Argentina took over the G20 Presidency on 1 December 2017 with three agenda priorities:
1) the future of work; 2) infrastructure for development; and 3) a sustainable food future. Climate change affects and is affected by each of these priorities and thus must be an important focus for working groups under the Sherpa and the Finance Tracks this year.
This briefing paper provides an overview of the G20 working structure and agenda items relating to climate action, sustainable finance and infrastructure development under Argentina’s G20 Presidency. It presents specific options for G20 action and ambition in 2018.
The paper’s intended target audience is policy makers involved in the G20 process who are working on issues related to climate action, sustainable finance and infrastructure development, and stakeholders from think tanks, business and civil society who strive to engage in G20 advocacy work.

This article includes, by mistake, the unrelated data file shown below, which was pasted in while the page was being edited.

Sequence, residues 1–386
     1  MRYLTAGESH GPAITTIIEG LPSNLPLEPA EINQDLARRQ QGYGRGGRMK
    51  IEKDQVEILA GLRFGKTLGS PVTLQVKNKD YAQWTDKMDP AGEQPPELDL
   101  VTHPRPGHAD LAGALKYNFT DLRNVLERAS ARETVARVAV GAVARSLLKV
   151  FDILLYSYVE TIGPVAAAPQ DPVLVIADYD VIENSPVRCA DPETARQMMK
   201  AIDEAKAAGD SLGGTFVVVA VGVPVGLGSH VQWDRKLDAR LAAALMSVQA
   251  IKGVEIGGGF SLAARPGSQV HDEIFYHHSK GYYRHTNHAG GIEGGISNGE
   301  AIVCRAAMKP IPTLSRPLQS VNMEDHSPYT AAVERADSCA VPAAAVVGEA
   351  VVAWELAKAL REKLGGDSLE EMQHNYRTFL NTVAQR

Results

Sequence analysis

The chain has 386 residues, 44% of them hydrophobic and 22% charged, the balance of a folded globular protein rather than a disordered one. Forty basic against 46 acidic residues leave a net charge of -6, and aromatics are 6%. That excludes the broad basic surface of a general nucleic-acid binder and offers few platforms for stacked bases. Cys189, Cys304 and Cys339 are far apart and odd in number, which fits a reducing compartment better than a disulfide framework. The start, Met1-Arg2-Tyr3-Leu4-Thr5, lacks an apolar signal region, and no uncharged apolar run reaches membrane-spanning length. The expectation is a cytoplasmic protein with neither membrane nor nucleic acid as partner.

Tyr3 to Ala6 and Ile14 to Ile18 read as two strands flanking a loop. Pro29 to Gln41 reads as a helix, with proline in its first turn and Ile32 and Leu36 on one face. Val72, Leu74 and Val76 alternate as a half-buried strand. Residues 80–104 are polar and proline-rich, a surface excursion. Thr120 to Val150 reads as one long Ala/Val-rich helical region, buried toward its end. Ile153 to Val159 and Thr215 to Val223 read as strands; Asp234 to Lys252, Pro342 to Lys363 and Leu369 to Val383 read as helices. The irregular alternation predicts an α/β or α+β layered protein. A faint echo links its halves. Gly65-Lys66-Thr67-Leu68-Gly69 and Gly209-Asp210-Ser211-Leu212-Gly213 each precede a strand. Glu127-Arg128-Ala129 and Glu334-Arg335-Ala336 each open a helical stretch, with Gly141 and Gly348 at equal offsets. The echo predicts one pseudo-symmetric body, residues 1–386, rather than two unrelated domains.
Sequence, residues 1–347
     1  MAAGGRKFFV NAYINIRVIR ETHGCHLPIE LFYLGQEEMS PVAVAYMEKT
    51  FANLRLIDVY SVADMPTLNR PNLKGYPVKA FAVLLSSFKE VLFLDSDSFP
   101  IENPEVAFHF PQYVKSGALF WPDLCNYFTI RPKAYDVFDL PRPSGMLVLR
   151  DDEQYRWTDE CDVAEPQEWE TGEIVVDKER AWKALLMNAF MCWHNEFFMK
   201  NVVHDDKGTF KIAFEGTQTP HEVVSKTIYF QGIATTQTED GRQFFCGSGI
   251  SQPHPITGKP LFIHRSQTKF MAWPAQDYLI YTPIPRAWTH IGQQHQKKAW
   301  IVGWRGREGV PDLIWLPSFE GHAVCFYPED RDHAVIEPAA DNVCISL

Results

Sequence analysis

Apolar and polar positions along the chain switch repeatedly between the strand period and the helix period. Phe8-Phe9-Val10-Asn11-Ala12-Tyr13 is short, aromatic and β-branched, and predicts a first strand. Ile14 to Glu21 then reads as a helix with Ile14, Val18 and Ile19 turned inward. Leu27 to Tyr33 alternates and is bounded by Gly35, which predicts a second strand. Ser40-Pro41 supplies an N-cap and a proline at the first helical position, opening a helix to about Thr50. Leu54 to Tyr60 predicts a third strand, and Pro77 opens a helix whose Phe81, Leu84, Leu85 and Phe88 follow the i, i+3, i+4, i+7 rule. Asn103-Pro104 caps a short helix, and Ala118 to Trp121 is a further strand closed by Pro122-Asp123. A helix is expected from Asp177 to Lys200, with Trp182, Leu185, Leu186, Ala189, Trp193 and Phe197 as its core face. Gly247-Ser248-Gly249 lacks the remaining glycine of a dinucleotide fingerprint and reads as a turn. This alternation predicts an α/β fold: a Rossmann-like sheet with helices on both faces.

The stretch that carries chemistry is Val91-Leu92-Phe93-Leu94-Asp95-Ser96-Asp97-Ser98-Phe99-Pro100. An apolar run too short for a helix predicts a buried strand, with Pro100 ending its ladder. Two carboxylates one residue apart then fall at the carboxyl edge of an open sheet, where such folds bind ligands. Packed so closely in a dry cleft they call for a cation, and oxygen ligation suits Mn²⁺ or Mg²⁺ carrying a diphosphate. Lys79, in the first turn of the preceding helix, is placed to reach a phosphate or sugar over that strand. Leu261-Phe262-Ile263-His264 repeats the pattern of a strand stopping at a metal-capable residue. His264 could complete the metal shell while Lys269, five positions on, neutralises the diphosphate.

- Infrastructure for development: G20 countries still provide large amounts of public finance for high-carbon infrastructure that is economically and environmentally unsustainable. This investment must be completely shifted to sustainable and low-carbon infrastructure. The G20 finance track must establish common definitions and benchmarking criteria to focus investment on low-carbon and climate-resilient infrastructure.
- Energy transitions: G20 countries provided US$ 230 billion in subsidies to coal, oil and gas in 2014. The G20 has committed to end fossil fuel subsidies every year since 2009. It must now commit to a specific phase-out date – ideally in line with the G7 deadline of 2025. The G20 Energy Transitions Working Group should also convene a dialogue on carbon pricing to support the full decarbonisation of energy systems by 2050.
- Long-term low emission development: Several G20 countries have not yet prepared a long-term low emission development strategy for submission to the United Nations Framework Convention on Climate Change (UNFCCC). The G20 Climate Sustainability Working Group should push for accelerated timelines for drafting and submitting long-term strategies before 2020, including the goal of achieving zero emissions from the energy sector by 2050.